The same goes for landing. Try to time the feed so it coincides with the landing. It’s really frustrating if the plane ends up circling for ages before landing, since your baby may have finished the feed before the landing actually happens – so do your best to wait until the descent has started before letting them drink.
With older children it’s easier since you can a) explain what you’re doing; b) give them a drink or c) give them a lolly to suck on. Anything that will get them swallowing as you go up or down.
Older babies and children on planes need a lot of things to do. Don’t rely on the air stewards to give you things to play with – they’ll have a few things, but they generally won’t have enough. So take things you know your kids love – books, crayons, games, their favourite toy and so on. A nice squishy cushion or big soft toy can be very helpful as a pillow.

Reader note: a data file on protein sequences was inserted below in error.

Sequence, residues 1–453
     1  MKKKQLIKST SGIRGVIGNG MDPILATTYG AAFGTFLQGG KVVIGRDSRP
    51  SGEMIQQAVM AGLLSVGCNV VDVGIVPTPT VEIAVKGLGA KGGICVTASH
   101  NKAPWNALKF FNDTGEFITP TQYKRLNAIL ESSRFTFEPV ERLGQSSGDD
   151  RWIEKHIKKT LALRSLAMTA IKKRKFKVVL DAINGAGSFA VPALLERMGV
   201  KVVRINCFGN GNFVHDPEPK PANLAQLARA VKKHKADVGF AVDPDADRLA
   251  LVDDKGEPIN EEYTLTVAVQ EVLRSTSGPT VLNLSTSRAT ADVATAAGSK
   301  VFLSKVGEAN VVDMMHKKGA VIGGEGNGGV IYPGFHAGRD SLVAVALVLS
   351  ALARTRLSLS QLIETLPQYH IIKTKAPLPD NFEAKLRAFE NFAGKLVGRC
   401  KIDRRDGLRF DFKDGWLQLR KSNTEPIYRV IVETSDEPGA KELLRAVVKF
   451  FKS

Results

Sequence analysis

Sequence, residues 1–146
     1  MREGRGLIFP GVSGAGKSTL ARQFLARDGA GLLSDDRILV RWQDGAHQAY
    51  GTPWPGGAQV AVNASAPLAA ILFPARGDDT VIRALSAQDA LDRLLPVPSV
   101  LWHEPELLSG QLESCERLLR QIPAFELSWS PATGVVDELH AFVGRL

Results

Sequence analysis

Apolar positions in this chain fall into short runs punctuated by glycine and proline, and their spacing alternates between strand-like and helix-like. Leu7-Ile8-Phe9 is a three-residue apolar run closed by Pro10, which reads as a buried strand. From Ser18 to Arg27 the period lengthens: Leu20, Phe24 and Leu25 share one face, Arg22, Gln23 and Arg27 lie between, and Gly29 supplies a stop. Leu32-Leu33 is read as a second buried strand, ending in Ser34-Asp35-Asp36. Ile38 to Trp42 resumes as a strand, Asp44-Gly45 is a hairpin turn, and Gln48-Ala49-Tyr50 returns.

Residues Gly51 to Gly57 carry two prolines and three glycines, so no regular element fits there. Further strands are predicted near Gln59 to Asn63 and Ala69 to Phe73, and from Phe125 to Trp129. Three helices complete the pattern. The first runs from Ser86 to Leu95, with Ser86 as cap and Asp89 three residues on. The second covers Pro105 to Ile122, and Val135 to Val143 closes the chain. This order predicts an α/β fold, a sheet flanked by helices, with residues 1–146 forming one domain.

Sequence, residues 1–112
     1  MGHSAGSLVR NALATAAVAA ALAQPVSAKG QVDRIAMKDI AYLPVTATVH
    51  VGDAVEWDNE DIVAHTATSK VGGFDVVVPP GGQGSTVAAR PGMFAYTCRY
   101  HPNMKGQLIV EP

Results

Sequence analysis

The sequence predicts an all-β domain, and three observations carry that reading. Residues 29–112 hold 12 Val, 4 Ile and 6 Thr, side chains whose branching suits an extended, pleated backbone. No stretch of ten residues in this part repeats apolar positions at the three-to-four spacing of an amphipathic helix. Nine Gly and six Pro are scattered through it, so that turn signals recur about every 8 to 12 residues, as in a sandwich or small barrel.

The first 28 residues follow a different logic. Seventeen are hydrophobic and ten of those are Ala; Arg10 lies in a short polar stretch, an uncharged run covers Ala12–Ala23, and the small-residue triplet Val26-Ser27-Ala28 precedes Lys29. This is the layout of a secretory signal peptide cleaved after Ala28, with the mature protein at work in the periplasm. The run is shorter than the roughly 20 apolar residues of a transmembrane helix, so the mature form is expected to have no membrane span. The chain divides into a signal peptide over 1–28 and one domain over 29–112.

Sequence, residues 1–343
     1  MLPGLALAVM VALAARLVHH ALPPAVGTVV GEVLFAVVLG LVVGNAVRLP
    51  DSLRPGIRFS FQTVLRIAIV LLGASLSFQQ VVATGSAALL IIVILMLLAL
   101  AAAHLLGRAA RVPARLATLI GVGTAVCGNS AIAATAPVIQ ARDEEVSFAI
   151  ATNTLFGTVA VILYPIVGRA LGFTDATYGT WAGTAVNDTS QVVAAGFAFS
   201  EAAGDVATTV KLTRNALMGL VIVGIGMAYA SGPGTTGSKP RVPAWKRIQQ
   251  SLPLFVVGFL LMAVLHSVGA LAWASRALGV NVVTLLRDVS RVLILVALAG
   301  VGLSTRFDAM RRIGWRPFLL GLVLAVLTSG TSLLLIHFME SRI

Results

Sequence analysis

With little babies, take a mixture of familiar toys to soothe them, and a few things they’re not used to that you can use if you need to distract them!
If your baby needs special medicines, especially adrenaline auto-injectors, make sure you have a doctor’s note to show security. They can often be very strict – checking the name on the doctor’s form against the name on the prescription – so make sure you’ve got it all lined up. Remember to also have the medicine in bottles less than 100ml so they’ll be allowed through.
Make sure your baby drinks a lot through the flight. Breastfeeding makes this easy – keep formula feeds coming aplenty.